The D.C. Bar's disciplinary board has found District School Board President Conrad P. Smith "guilty of perpetrating a fraud" on a client and said he neglected clients. It recommended that the D.C. Court of Appeals take away his license to practice law for 18 months.

"We find Mr. Smith guilty of intentionally abandoning his client's cause in one case and neglecting his client's interests while at the same time deliberately misleading that client in another," the bar's Board of Professional Responsibility concluded in its recommendation to the appeals court.

"These are extremely serious charges and they warrant a serious sanction," it told the court, which has the final authority for disciplining lawyers who practice in Washington.

Smith's attorney, Rohulamin Quander, declined comment except to say the school board president will present his case to the appeals court.

Smith, a major supporter of Mayor-elect Marion Barry who has been named as a strong candidate to win interim appointment as Barry's successor on the City Council, failed to appear before the board on two separate occasions to present oral arguments on his behalf.

The Board of Professional Responsibility, the disciplinary arm of the D.C. Bar, was harsher on Smith than its hearing committees, one of which refused to recommend the fraud charge because he had volunteered the details while defending himself against a client neglect charge.

The board's penalties were also stiffer - 18 months instead of the six months recommended by the hearing committees - meaning that Smith would not regain his law license automatically.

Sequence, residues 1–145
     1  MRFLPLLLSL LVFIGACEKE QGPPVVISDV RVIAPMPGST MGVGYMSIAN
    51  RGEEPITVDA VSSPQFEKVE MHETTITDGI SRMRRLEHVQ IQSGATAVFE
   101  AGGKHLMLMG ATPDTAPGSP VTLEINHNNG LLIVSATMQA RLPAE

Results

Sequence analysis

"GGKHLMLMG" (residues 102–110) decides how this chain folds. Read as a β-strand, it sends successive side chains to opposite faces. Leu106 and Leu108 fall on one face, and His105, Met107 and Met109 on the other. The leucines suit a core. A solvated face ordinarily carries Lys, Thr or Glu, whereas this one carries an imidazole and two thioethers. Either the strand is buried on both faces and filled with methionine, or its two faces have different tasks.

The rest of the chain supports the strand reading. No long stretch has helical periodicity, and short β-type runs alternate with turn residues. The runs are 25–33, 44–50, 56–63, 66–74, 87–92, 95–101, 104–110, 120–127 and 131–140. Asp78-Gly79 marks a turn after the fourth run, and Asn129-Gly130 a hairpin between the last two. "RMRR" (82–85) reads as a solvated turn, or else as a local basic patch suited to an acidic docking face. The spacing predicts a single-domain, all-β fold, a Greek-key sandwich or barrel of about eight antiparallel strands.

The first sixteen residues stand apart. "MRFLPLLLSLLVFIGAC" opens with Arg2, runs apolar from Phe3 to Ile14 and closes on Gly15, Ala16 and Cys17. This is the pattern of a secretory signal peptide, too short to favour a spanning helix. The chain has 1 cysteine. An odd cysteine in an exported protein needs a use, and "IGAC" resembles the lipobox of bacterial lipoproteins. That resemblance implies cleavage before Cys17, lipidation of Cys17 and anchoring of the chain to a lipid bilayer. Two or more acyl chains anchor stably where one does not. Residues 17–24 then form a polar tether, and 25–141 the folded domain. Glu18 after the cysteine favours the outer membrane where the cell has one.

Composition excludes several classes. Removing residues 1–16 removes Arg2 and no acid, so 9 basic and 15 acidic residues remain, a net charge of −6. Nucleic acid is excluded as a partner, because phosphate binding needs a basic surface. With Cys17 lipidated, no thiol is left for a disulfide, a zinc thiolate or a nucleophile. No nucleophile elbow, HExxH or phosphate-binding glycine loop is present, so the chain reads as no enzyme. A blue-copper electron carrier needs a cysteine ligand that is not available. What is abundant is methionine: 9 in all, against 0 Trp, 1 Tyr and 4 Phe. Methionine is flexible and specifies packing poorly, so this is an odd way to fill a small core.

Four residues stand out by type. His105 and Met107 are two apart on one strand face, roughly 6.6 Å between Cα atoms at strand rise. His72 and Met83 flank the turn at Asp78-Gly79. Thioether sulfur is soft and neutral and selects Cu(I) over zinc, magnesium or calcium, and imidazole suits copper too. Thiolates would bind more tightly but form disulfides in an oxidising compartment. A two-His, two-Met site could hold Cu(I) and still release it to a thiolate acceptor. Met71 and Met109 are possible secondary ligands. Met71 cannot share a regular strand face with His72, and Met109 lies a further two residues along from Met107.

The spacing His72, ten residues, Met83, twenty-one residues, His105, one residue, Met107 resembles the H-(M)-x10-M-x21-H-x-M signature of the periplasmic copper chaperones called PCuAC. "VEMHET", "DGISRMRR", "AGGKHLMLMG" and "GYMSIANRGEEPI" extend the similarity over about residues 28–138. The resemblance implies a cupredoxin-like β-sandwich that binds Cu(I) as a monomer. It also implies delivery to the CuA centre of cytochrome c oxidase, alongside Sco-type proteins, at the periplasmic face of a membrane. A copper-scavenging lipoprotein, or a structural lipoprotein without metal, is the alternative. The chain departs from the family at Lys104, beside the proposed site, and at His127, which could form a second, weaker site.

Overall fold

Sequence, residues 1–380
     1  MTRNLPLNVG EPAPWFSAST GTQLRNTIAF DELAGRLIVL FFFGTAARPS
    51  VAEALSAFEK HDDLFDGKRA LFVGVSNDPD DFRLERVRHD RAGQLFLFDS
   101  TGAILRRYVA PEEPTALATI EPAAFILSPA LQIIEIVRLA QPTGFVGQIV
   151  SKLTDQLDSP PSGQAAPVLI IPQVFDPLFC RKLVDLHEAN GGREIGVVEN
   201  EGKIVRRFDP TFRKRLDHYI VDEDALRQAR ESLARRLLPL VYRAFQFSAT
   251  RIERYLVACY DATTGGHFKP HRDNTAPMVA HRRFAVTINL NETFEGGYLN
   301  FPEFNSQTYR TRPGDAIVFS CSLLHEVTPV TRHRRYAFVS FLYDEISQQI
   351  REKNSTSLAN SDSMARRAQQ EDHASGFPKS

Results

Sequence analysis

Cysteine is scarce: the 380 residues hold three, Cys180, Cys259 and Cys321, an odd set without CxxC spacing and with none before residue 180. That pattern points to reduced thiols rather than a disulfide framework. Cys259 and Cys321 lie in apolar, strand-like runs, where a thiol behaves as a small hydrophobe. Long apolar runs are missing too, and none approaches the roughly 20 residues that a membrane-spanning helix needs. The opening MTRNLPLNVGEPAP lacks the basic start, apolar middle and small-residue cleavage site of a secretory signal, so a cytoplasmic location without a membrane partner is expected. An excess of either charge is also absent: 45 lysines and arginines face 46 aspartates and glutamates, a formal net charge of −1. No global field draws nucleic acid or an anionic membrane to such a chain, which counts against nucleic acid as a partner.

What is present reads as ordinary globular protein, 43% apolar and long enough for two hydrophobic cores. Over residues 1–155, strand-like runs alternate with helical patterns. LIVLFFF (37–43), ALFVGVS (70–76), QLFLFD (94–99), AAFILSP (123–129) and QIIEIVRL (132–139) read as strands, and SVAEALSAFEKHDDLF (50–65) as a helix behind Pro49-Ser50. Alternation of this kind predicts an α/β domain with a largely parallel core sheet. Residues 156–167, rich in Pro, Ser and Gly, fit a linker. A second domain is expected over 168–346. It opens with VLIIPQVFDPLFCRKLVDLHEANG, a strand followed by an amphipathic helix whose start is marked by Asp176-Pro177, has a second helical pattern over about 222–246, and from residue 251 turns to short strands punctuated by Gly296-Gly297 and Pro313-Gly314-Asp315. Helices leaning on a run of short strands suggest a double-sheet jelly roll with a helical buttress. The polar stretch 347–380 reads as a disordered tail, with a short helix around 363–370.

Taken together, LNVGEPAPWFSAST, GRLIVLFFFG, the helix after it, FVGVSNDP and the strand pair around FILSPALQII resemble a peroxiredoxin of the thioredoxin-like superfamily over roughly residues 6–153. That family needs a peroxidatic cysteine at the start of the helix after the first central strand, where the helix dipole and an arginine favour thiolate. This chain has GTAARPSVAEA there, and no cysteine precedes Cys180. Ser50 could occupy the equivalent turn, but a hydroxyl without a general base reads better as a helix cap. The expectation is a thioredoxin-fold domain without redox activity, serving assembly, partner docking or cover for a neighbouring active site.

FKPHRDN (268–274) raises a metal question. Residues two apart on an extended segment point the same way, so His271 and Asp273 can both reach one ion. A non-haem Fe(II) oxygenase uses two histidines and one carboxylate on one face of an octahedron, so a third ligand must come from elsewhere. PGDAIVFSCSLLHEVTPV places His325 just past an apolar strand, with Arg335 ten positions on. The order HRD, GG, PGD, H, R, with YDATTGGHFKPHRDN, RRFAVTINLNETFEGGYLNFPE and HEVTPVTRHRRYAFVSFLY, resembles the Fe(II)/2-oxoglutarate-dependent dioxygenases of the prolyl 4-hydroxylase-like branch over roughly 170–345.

If the court upholds the board's recommendation, he will have to reapply for admission to the bar and prove he is of fit moral character to practice law.

In the fraud case, according to the board, Smith was asked to check whether a Washington man who had just died had left any property or money that would benefit his widow, living in Miami. He made some preliminary checks, the board said, and decided the man had not left enough assets to warrant continuing the investigation.

Nonetheless, the board continued, Smith - who had neither sought nor received any money for his preliminary investigating - said he was "prepared to move ahead" and asked for a $280 retainer to pay filing fees and other costs.

During his testimony before the hearing committee Mr. Smith acknowledged that this letter was a 'subterfuge' since, when he wrote the letter seeking a 'retainer' and referring to possible 'filing fees', he had no intention of doing any further legal work," the board said.